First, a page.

The IRS Signals It Will Continue to Challenge Cannabis-Dispensary Business Deductions Under the Biden Administration
The IRS recently indicated that it does not plan to reevaluate its position which precludes cannabis dispensaries from taking deductions for business costs and expenses under Section 280E of the Internal Revenue Code. The federal government recently made this position clear in its brief in opposition to a writ of certiorari to the US Supreme Court in Standing Akimbo, LLC v. United States of America, Case No. 20-645.
In this case, the petitioner, Standing Akimbo LLC, is a Colorado corporation that lawfully operates a medical-cannabis dispensary in Denver under Colorado law. In 2017, the IRS began an investigation into whether the petitioner had claimed business deductions prohibited under Section 280E of the Code (26 U.S.C. 280E) on its federal tax returns. Section 280E prohibits the deducting of costs incurred in the trafficking of controlled substances.
The IRS served subpoenas on the Colorado Department of Revenue for information related to the petitioner’s cannabis sales, annual harvests, and plant inventories to determine whether its claimed business deductions violated Section 280E. Petitioner sought to quash the subpoenas, but the district court and the 10th Circuit sided with the IRS, resulting in petitioner filing a petition for writ of certiorari on November 12, 2020.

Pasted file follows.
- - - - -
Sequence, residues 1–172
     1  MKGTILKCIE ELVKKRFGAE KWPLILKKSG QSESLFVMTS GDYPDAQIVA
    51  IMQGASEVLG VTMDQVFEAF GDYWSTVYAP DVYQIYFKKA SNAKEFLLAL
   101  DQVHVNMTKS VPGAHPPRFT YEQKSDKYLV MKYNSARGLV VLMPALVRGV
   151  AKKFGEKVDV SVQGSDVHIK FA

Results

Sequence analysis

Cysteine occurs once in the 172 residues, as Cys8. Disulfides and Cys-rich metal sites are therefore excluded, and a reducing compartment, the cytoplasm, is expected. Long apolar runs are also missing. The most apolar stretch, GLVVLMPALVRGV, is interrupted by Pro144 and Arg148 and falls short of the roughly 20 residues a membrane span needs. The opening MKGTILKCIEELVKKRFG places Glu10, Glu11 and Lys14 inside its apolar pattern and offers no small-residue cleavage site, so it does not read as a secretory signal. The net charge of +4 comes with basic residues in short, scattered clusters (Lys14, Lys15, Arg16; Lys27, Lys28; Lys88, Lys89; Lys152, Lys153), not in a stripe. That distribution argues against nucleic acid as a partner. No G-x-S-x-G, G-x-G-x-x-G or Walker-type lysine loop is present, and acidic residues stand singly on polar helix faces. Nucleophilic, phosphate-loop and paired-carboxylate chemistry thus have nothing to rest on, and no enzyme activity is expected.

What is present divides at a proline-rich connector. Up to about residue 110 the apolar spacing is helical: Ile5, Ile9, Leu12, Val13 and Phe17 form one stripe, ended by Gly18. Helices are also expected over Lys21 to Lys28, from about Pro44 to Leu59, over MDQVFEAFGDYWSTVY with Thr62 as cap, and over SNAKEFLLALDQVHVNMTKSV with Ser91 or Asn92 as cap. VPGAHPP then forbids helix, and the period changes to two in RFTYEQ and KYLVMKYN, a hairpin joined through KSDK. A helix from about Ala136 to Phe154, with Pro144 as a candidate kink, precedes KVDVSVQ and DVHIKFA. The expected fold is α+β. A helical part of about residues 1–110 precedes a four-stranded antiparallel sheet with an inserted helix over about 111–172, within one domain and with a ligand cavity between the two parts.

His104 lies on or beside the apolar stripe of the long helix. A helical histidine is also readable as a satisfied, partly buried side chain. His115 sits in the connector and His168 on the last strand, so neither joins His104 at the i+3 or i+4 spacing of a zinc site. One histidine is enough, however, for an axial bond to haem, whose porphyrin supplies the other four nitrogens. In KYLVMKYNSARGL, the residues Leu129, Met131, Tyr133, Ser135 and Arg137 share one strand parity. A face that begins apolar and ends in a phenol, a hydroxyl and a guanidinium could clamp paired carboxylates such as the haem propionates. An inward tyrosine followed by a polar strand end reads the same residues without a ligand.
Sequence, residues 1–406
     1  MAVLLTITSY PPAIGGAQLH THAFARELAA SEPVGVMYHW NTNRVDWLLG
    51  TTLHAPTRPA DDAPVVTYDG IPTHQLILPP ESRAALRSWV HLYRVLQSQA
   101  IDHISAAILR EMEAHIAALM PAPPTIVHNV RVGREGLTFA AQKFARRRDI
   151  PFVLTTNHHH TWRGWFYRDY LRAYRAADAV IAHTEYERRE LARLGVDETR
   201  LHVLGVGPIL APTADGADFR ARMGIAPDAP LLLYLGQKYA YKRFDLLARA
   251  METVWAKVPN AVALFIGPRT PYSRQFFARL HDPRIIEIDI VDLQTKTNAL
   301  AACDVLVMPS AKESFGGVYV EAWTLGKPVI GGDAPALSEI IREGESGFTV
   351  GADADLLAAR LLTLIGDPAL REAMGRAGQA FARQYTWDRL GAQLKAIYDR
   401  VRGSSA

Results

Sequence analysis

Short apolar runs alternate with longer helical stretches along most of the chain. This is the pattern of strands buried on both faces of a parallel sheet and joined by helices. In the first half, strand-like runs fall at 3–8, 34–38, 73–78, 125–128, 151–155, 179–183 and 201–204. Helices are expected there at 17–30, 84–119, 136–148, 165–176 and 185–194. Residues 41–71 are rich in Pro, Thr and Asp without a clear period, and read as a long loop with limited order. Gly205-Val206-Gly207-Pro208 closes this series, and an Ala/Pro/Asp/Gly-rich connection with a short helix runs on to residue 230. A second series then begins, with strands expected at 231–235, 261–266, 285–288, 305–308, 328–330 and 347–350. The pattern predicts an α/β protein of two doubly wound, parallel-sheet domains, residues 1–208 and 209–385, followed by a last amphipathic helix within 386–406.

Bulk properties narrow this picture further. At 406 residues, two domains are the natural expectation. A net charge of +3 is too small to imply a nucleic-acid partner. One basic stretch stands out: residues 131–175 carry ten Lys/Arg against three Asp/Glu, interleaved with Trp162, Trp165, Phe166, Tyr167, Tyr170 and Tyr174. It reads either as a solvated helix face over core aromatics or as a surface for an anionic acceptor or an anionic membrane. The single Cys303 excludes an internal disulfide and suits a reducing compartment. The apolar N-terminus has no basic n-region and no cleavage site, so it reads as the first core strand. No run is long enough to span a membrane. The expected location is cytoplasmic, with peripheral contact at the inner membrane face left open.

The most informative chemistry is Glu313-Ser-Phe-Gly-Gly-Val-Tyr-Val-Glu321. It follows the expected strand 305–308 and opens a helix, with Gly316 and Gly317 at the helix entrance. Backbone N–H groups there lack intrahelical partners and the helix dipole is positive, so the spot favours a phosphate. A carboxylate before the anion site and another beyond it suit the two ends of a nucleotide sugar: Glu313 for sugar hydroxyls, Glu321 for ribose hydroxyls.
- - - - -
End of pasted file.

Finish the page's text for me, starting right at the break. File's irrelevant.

The Acting Solicitor General, Elizabeth B. Prelogar, signaled in the government’s opposition brief that the IRS’ position as to Section 280E violations will remain the same under the Biden Administration. The brief noted that while Colorado state law permits the operation of cannabis dispensaries, federal law does not, and federal law is what ultimately matters under the Code.
More specifically, the brief noted that while “as a general matter, the Code permits a taxpayer to deduct ‘all the ordinary and necessary expenses paid or incurred during a taxable year in carrying on any trade or business.’ …the Code prohibits tax deductions (or tax credits) for expenditures made ‘in carrying on any trade or business’ that ‘consists of trafficking in controlled substances (within the meaning of Schedule I and II of the Controlled Substances Act) which is prohibited by Federal law or the law of any State in which such trade or business is conducted.’”
Consequently, because federal law classifies cannabis as a Schedule I controlled substance, businesses which sell it are subject to the prohibitions of Section 280E, regardless of the legality of such business under state law. In other words, until Congress either amends the Code to allow business deductions by cannabis dispensaries or changes the Schedule I classification for cannabis, the IRS will continue to scrutinize deductions taken by this industry. Bailey Glasser stands ready to assist if you have any questions or concerns regarding any matters related to the cannabis industry.